Success has not made the 12th Man soft. A Super Bowl championship has just added more fuel to the already caffeinated fervor of Seattle Seahawks fans.

The Seahawks fans and the design of CenturyLink Field have given Seattle the most hostile and deafening home-field advantage in pro sports. The "12s" will be on display Sunday when the Seahawks host Denver in a Super Bowl rematch. The fans aren't just loud, they are a driving economic force that stretches outside the stadium.

Want to launch a successful product? Put a '12' on it and put it on sale in the Seattle area.

Businesses through the upper left corner of the country are trying to capitalize the pride of the Seahawks fans. Whether it's getting Russell Wilson to be the pitchman for the local airline, to alcoholic beverages with 12 in the name, companies are finding ways to capitalize on the Super Bowl champs.

"We had no idea what to expect when we first put it out," said Adam Merkl, owner of Hilliard's Beer that produces "The 12th Can" pale ale. "And I would say we have exceeded it."

Merkl added that after the Seahawks won the Super Bowl, one of his brewers, "said he's waited his entire life for this moment, which is true for so many people here, so many fans. Not even just Seahawks fans but sports fans in general. That's a big part."

The Seahawks are the only team in the NFL to have a number retired specifically for their fans.

As Seattle's success on the field has grown, reaching the pinnacle this past season with the first Super Bowl title in franchise history, the fan base has morphed. No longer are they overlooked, underappreciated supporters starving for national attention. They earned that recognition when New York became dotted with blue and green during Super Bowl week and then impacted the first play of the Super Bowl when Peyton Manning and center Manny Ramirez miscommunicated on the snap leading to a safety.

No longer is it the "12th Man" singular. Galvanized by the title and the massive response that followed, it's now become "12s" the collective.

"Them fans don't get lazy. They're up and screaming the whole entire game regardless of what the score is," Denver's Chris Harris Jr. said. "I mean, you could see it in the Super Bowl. It seemed like an away game how loud they were. So, we know they're going to be jumping, they're going to be amped up for sure."

There's a reason Seattle jerseys hold five of the top 20 spots of the most popular sold. Even the No. 12 Fan jersey holds down the 10th spot on the list of league-wide sales, ahead of Marshawn Lynch, J.J. Watt and Cam Newton.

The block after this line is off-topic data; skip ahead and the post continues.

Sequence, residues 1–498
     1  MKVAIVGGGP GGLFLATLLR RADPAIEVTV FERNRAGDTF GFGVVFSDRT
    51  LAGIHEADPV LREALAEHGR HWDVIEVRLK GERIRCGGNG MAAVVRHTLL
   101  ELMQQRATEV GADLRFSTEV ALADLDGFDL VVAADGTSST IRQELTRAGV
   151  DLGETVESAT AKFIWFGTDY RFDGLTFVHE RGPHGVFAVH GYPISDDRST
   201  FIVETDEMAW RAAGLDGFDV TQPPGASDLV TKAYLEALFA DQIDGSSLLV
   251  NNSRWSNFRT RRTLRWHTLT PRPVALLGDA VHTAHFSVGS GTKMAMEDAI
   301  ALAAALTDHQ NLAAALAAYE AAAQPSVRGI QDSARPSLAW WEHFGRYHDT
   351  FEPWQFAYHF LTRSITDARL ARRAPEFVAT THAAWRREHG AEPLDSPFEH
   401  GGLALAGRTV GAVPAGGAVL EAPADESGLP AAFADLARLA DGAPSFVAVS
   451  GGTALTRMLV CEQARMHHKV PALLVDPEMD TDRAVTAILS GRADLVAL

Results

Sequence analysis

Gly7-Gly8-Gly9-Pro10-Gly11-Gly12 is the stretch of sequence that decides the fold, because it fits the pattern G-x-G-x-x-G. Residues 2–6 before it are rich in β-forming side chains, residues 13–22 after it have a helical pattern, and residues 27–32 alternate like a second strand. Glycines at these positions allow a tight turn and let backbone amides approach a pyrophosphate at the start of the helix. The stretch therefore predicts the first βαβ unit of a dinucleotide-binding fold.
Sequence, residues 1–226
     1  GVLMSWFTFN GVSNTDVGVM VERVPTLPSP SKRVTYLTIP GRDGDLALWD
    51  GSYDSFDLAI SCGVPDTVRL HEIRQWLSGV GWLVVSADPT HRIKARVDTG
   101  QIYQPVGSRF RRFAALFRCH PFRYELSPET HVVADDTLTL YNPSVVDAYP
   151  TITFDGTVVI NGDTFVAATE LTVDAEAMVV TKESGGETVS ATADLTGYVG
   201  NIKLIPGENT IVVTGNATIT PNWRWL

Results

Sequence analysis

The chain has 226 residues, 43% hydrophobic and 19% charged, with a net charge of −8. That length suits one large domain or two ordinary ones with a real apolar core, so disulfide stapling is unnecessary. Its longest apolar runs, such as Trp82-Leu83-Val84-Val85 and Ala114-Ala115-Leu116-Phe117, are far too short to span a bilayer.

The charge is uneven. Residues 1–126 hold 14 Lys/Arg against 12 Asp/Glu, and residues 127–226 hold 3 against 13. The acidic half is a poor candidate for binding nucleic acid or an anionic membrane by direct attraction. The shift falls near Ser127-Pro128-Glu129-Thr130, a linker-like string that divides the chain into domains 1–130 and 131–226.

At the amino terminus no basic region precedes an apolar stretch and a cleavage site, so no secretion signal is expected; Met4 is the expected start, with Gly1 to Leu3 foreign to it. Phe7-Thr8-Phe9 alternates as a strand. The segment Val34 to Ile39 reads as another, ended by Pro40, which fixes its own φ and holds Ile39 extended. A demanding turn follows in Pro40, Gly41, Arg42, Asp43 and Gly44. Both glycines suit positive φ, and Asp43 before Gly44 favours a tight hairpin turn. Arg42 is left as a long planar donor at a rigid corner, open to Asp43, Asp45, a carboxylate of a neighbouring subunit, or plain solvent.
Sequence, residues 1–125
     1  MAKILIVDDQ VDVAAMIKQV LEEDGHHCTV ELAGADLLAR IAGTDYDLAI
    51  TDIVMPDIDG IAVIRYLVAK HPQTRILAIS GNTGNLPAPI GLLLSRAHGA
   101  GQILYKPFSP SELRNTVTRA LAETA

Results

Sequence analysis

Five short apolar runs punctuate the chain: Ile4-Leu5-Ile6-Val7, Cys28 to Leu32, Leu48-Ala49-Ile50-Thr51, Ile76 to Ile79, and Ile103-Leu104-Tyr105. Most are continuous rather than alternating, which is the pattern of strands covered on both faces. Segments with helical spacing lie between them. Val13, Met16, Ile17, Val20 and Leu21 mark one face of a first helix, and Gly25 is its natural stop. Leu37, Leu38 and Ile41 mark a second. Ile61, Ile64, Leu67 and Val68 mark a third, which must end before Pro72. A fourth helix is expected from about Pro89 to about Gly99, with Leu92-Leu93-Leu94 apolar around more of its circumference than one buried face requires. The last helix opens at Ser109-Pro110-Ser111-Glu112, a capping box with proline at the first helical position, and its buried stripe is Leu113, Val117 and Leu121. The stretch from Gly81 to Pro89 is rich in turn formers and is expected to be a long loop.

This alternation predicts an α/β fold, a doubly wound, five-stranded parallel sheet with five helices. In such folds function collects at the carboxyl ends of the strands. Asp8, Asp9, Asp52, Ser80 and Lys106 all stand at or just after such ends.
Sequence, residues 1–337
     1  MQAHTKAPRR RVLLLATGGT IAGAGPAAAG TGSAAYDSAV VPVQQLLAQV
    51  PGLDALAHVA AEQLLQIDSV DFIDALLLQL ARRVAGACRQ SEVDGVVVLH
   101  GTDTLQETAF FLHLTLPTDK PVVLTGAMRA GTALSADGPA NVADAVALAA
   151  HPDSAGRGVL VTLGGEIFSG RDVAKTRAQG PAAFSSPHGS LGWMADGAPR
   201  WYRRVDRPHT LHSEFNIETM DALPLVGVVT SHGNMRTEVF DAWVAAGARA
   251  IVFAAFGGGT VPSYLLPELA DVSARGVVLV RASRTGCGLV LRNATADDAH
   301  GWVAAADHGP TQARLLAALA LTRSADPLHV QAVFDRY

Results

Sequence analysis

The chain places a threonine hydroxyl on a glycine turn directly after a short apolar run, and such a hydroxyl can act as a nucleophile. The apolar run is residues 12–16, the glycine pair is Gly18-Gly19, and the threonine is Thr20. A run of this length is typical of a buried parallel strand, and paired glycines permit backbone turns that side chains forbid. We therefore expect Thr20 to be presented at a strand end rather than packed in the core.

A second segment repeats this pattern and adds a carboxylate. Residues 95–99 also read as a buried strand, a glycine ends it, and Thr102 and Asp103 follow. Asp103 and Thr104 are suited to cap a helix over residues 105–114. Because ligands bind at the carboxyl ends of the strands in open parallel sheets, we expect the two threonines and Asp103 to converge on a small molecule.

Need a 12-pack filled with craft beer and a 12 on the can? That can be found throughout the Northwest thanks to Merkl and his company.

Need a special edition 12 Starbucks card? Good luck. Those sold out within days of being put on sale.

Want blue and green running shoes that are 12th edition of the series? That's entirely possible too.

And, of course, there are the "12" flags that dot neighborhood and businesses throughout the region.

"This year to date it's 25 percent of our business," said Kourtney Bailey, owner of Flags A' Flying, the company that worked with the team to design the first 12th Man flags in 2002. "It's really significant. Normally, Seahawks, a percent or two percent. ... It's pretty amazing. It's a really big chunk of our business.

The proprietors of these products are all fans, for the most part, first and foremost. Hillard's producing their "12th Can" was simply in response to a local radio station looking for a beer to represent the fans. It's smart business for these companies, knowing their brethren fans are going to gobble up any product awash in dark blue and neon green, or emblazoned with a "12."

Some of those fans are understandably new to the bandwagon. In the last four years, since coach Pete Carroll's arrival and with the success that's followed, being a Seahawks fan is now cool. Seattle sold out its season-ticket allotment of 63,000 along with the 12,000 spots on its season-ticket waitlist. Local TV ratings last season were up 77 percent from two years earlier

But the diehards remain: Mama Blue, and Mr. and Mrs. Seahawk, Kiltman and the Seahulk. They'll be there again on Sunday, just as they were through the lean years in the Kingdome to now the being the envy of the NFL.

"Our crowd is always raucous and loud," All-Pro cornerback Richard Sherman said. "They always have some kind of way affecting the game so I'm sure they'll be involved again."

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